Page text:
Paragraph 3: Body Paragraph  Start with a topic sentence that clearly states a second reason why you feel gentrification is beneficial/harmful. o Another reason why I feel that gentrification is beneficial/harmful for communities is… _____________________________________________________________ _____________________________________________________________ _____________________________________________________________ _____________________________________________________________ ________________________________ Give plenty of details to EXPLAIN this reason: o Information from the sources you found through your research o Information from Hampson’s article o Examples that you have observed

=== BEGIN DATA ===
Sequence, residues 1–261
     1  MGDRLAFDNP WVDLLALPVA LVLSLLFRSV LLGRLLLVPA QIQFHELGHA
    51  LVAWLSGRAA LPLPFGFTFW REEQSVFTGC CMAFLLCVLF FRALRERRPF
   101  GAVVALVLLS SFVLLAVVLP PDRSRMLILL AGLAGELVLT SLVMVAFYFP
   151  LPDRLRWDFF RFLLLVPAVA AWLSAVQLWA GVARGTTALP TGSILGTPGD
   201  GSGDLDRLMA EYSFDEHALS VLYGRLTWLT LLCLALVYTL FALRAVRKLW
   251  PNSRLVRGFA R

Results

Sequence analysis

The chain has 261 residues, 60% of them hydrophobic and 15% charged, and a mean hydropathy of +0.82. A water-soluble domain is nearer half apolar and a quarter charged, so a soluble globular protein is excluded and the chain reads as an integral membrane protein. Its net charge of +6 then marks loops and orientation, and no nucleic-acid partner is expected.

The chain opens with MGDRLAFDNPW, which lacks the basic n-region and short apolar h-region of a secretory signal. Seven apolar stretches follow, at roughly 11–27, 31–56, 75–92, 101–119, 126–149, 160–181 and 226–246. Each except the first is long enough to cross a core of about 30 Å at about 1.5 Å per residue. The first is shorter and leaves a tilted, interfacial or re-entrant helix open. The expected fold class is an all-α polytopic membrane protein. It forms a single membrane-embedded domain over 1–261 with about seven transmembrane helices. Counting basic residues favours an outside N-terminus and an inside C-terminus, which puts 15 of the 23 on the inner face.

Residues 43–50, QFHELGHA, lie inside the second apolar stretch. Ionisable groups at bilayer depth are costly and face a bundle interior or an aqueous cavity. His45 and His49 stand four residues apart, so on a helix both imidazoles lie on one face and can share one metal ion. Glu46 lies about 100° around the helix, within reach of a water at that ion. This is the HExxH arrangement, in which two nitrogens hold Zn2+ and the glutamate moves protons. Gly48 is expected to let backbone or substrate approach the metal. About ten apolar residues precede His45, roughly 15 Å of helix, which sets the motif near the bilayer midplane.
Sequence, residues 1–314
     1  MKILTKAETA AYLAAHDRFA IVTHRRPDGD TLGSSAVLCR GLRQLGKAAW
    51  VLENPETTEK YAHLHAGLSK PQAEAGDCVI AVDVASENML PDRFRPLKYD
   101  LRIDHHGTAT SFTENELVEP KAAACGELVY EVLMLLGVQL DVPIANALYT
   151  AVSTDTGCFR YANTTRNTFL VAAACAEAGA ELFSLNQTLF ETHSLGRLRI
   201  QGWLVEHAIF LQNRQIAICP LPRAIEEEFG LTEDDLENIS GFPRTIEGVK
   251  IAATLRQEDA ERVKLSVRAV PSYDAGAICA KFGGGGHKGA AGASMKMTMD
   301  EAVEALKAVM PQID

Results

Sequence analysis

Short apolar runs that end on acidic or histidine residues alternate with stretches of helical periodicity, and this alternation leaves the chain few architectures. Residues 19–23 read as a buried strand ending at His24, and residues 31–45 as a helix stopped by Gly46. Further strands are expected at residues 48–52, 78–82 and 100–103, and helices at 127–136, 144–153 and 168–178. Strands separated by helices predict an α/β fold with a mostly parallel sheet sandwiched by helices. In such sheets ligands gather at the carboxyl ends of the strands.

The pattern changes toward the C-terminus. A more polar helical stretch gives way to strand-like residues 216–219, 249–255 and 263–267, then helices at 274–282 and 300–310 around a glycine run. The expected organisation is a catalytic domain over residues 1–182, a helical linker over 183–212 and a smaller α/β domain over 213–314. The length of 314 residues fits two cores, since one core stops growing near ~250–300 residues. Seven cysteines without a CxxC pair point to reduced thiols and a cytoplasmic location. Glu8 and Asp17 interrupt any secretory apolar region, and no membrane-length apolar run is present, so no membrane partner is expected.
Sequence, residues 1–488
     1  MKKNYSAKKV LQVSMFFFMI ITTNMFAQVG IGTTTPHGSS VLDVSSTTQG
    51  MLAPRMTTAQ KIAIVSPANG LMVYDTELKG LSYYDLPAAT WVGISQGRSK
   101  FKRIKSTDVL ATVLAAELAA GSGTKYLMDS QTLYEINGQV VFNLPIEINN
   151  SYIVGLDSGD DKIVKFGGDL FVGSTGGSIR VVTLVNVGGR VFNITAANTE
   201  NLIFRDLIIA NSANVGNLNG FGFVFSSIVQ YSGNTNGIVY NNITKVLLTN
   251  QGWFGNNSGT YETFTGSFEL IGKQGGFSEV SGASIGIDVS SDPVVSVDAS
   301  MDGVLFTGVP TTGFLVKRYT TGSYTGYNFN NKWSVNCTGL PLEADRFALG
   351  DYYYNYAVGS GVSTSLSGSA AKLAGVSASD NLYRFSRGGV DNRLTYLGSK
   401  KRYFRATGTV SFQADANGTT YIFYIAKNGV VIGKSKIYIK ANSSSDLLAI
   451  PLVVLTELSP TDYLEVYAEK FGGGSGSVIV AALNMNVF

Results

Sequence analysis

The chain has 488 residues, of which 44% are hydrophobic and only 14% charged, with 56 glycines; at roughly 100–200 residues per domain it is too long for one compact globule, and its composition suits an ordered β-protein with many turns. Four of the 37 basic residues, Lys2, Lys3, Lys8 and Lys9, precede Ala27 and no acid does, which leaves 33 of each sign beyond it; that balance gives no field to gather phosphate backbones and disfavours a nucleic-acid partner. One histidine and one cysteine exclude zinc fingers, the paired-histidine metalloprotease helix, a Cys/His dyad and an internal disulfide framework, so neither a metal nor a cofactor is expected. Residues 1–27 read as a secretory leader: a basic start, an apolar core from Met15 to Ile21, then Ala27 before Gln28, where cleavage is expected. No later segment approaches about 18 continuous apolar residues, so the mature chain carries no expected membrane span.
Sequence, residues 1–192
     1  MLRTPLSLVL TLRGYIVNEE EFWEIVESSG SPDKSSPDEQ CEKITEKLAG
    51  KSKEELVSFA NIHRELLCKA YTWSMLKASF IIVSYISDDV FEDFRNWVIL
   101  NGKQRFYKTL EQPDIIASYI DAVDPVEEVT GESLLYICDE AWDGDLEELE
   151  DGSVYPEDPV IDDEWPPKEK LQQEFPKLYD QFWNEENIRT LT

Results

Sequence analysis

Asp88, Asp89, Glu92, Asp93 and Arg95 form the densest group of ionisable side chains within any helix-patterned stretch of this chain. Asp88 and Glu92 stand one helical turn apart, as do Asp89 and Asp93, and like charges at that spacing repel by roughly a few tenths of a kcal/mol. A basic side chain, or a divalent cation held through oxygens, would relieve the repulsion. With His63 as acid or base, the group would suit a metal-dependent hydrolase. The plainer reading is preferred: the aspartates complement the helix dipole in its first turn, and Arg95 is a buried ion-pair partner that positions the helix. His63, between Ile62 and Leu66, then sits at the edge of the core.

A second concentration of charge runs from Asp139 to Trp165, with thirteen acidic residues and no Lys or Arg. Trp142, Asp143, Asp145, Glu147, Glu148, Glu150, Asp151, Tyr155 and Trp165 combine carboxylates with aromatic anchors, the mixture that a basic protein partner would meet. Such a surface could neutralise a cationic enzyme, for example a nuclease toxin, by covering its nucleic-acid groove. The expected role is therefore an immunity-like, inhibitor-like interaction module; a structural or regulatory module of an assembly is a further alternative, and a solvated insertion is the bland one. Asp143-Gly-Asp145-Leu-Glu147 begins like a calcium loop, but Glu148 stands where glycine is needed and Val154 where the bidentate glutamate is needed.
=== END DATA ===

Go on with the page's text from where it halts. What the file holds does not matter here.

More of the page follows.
_____________________________________________________________ _____________________________________________________________ _____________________________________________________________ _____________________________________________________________ ________________________________ _____________________________________________________________ _____________________________________________________________ _____________________________________________________________ _____________________________________________________________ ________________________________ _____________________________________________________________ _____________________________________________________________ _____________________________________________________________ _____________________________________________________________ ________________________________ _____________________________________________________________ _____________________________________________________________ _____________________________________________________________ _____________________________________________________________ ________________________________ Paragraph 4: Body Paragraph  Start with a topic sentence that clearly states a third reason why you feel gentrification is beneficial/harmful. o Gentrification is also beneficial/harmful for communities because… _____________________________________________________________ _____________________________________________________________ _____________________________________________________________ _____________________________________________________________ ________________________________ Give plenty of details to EXPLAIN this reason: o Information from the sources you found through your research o Information from Hampson’s article o Examples that you have observed _____________________________________________________________ _____________________________________________________________ _____________________________________________________________ _____________________________________________________________ ________________________________ _____________________________________________________________ _____________________________________________________________ _____________________________________________________________ _____________________________________________________________ ________________________________ _____________________________________________________________ _____________________________________________________________ _____________________________________________________________